America’s legal system must act to do several things:

  • Stop allowing abusive parents to kill youth;
  • Stop devious judges from profiteering off youth imprisonment;
  • Stop racist and classist educators from reinforcing the school-to-prison pipeline;
  • Stop social workers from placing youth in harms way;
  • Stop police from arbitrarily enforcing laws against youth;
  • Change laws to allow all youth everywhere to choose their living situations;
  • Develop a guaranteed income for all youth, everywhere;
  • Prevent youth oppression by acknowledging the full personhood of children and youth from birth.

When these things happen, horrific and preventable deaths like what happened to Leelah Alcorn will not happen again. But not before then. If you really want to change the situation, join the struggle to end discrimination against young people.

Thanks, Kate, for calling me to write about this.

Acceptable Bullying

Bullying has many roots that educators are quick to call out: The home environment, parental role models, peer influence, mass media, and poor school funding all get their fair share. However, there is a more direct root that teachers and principals can start fixing right now, no excuses: School acceptance.

From their first moments walking through the doorways of school buildings across the nation, students are taught that they must conform to that school’s norms in order to survive. That means their clothing, their speech, their behavior, and their attitude must fit within the “acceptable” ranges. A variety of mechanisms allow adults to determine and enforce those ranges, including the curriculum (and hidden curriculum), classroom management methods, building-wide behavior management (including punishment and rewards), and the school climate in general. Students reinforce these ranges of acceptability among themselves according to their investment in them. This generally focuses on peer network formation, or cliques. Cliques reinforce each key determinate of school acceptability. While they tend to grow and thrive threw middle and high school, research and parental anecdotes shows that cliques are established in elementary school and earlier.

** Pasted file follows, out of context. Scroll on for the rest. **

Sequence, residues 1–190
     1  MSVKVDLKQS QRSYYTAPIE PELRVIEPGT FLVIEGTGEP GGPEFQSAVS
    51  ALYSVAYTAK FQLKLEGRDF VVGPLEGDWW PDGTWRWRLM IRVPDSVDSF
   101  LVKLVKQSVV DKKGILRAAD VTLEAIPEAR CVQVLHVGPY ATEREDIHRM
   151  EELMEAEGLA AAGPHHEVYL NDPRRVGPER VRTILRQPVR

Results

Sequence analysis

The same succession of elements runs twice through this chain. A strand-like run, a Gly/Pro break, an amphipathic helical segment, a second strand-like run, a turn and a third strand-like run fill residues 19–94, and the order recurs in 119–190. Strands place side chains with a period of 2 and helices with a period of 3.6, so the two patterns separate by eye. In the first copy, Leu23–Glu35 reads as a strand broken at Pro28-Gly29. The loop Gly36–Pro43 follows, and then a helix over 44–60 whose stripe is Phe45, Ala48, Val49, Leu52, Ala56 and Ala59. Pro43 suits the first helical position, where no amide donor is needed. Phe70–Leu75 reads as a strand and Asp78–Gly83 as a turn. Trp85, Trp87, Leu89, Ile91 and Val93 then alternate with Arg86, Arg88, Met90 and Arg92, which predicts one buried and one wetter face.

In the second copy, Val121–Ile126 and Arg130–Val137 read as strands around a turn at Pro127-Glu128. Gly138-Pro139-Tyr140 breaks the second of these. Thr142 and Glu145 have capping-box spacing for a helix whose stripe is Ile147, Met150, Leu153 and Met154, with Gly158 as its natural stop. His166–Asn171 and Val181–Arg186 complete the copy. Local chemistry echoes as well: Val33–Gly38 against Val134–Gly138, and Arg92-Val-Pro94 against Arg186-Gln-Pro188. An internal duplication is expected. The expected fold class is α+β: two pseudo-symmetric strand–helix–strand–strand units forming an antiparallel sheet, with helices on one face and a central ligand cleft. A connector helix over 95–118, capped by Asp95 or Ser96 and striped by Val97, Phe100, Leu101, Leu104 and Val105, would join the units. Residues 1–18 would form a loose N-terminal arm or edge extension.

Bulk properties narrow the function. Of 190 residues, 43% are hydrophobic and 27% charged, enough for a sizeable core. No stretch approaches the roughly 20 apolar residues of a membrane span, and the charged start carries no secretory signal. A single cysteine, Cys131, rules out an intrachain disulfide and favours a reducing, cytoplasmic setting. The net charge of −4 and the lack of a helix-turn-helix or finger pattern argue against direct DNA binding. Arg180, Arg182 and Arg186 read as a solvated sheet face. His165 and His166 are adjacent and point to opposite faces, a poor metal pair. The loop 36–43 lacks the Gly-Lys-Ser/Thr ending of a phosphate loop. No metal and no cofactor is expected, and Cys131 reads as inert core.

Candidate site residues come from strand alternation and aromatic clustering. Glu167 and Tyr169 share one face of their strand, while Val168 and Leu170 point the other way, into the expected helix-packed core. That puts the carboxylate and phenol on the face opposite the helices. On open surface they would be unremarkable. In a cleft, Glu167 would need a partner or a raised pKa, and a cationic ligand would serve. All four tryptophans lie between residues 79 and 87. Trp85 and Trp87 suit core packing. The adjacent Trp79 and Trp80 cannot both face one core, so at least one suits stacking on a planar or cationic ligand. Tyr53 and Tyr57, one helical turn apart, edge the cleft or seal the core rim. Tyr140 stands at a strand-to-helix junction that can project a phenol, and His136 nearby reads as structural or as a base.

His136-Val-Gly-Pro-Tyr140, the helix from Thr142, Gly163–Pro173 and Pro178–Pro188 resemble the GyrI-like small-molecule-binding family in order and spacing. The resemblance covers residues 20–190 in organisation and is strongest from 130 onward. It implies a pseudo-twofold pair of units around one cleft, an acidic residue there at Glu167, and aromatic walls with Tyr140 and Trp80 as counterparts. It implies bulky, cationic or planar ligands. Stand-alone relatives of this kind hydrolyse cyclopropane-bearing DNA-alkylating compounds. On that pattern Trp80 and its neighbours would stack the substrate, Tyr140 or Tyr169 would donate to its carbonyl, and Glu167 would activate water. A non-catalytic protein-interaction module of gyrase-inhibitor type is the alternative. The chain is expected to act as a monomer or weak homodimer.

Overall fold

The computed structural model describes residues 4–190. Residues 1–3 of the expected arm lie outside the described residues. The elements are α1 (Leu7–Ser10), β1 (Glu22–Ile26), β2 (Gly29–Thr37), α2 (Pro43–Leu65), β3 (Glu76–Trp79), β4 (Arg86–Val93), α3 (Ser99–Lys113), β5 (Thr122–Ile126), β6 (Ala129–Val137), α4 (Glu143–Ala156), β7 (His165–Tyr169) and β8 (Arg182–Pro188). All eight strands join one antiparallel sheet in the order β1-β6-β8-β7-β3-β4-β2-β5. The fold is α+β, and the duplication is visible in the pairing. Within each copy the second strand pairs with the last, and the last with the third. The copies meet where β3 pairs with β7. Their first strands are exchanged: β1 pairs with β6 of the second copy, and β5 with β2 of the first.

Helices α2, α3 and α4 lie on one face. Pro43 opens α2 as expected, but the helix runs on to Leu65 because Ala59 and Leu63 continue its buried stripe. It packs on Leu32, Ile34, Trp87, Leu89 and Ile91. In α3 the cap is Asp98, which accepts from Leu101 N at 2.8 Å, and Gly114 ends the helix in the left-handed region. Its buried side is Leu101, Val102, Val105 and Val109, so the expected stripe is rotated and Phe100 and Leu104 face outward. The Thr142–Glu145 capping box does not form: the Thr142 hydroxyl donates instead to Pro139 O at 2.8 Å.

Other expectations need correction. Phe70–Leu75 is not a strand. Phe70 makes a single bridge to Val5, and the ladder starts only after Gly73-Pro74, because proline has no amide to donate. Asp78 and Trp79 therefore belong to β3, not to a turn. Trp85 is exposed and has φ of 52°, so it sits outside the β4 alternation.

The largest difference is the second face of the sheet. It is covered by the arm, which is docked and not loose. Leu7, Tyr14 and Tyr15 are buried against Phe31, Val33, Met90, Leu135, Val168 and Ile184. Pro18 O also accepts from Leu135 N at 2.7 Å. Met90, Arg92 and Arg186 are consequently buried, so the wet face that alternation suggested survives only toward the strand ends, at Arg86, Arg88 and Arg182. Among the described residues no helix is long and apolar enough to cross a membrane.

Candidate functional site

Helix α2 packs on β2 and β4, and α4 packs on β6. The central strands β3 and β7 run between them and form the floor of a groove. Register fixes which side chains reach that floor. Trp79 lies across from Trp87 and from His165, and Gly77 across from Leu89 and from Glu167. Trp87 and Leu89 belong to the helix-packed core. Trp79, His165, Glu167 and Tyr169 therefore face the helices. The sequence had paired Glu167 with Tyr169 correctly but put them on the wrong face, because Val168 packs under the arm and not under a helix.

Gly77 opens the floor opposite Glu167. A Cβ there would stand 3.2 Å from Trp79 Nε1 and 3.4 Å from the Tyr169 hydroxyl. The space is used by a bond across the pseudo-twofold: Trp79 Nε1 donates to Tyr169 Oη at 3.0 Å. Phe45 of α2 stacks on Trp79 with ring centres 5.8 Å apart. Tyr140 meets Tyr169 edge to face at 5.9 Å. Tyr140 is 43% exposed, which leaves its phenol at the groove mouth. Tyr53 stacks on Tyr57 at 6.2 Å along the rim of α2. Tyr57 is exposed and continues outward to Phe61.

I have seen an increase in the amount of enforcement by students over the last decade I have worked in schools. One of the ways this enforcement has always reared its head is as acceptable bullying, which is made okay by adults. Bullying dates from the roots of schools, and earlier (and still) in the public places young people interact, such as neighborhoods and malls. Bullying is a deft way to deal out punishment for unacceptability by boys who don’t behave in a way that is perceived as “masculine” enough; and a stealth way for girls to reinforce acceptable behaviors for their peers, as well. It’s also used to shore up attitudes about social standing, cultural backgrounds, religious belief, educational levels, and many other factors.

I think that any advocate genuinely concerned with student voice will naturally gravitate to bullying as an issue in schools because bullying is among the easiest ways adults manipulate students every single day. We do this through every way I listed above. The question for me becomes how to teach young people about their voices in ways that allow them to authentically experience the impacts of bullying without perpetuating them problem. How can we increase empathy through meaningful student involvement? 
Written by Adam Fletcher, this article was originally posted to http://commonaction.blogspot.com. Learn more at adamfletcher.net!